Research Study:Life Success for Children With Learning Disabilities
Children with learning disabilities (LD) grow up to be adults with LD. That is, many of the difficulties experienced in childhood continue throughout adulthood. Even so, some people with LD follow a life path that leads them to success. They become productive members of society. They live satisfying and rewarding lives. Others find little more than continued "failure." They are barely able to "keep their heads above water" – emotionally, socially, or financially.
Many of these people have similar backgrounds and learning problems. Why, then, do they follow such different paths? Why does one end up with a rewarding career, long-term friendships, and financial stability while another has a life of unproductivity, isolation, and financial stress?
Research by the Frostig Center of Pasadena, CA, has shown that a set of personal traits, attitudes, and behaviors can help lead people with LD to successful life outcomes. It identified the following success attributes and offers ways to help children develop them:
- The presence and use of effective support systems
- Emotional coping strategies.
Based on more than 20 years of research by the Frostig Center, Life Success for Children with Learning Disabilities: A Parent Guide has the end goal of helping children become competent, content, and independent adults. These are people who reach their full potential and lead satisfying lives. Following the successful introduction of the Parent Guide, researchers at the Frostig Center also distilled their findings into a valuable tool for teachers. It's called The Six Success Factors for Students with Learning Disabilities.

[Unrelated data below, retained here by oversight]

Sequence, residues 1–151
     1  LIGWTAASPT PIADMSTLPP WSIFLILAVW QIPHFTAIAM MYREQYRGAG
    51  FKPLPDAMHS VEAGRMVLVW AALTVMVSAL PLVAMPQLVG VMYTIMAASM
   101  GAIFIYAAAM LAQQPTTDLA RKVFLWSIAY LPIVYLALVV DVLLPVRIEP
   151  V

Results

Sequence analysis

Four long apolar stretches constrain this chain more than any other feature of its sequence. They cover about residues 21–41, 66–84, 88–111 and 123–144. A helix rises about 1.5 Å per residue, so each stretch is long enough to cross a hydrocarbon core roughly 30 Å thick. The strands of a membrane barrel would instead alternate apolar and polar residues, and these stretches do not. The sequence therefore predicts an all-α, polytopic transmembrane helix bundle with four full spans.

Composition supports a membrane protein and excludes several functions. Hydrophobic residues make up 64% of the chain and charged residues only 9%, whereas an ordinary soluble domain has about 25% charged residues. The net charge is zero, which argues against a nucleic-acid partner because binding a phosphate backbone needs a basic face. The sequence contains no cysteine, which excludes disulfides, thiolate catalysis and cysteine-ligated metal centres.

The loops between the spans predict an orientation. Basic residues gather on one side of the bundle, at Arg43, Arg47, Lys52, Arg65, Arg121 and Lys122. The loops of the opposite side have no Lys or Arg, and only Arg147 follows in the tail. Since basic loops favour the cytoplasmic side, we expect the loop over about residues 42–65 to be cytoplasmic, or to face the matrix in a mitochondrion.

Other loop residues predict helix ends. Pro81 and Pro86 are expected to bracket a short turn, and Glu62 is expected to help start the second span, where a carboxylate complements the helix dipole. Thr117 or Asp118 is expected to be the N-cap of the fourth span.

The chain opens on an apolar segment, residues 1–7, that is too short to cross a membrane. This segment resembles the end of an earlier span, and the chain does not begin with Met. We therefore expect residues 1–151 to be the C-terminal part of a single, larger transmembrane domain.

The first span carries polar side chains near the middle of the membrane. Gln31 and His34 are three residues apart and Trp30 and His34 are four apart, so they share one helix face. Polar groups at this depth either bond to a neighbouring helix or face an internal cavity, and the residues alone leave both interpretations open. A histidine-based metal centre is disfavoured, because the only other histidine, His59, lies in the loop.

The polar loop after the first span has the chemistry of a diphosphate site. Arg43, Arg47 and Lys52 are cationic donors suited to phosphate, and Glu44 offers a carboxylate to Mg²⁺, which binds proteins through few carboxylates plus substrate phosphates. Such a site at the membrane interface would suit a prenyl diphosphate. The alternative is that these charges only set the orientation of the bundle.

How Can a Child Develop Success Attributes?
Fostering these six attributes is one of the ways that parents can help their children with LD grow up to be more successful throughout their lives. These attitudes, behaviors, and traits require exercise, practice, and review just as with any other skills children learn. At different life stages, new challenges may require you to recycle and revisit with your children the success attributes they worked on earlier.
To date, no research tells us exactly how to teach these attributes. Yet, research does suggest a number of key areas to consider. The specific approach to developing these attributes is dependent upon the age, abilities, experience, interests, and living environment of your child.
Reprinted with the permission of the National Center for Learning Disabilities. © 1999-2009 National Center for Learning Disabilities, Inc. All Rights Reserved.
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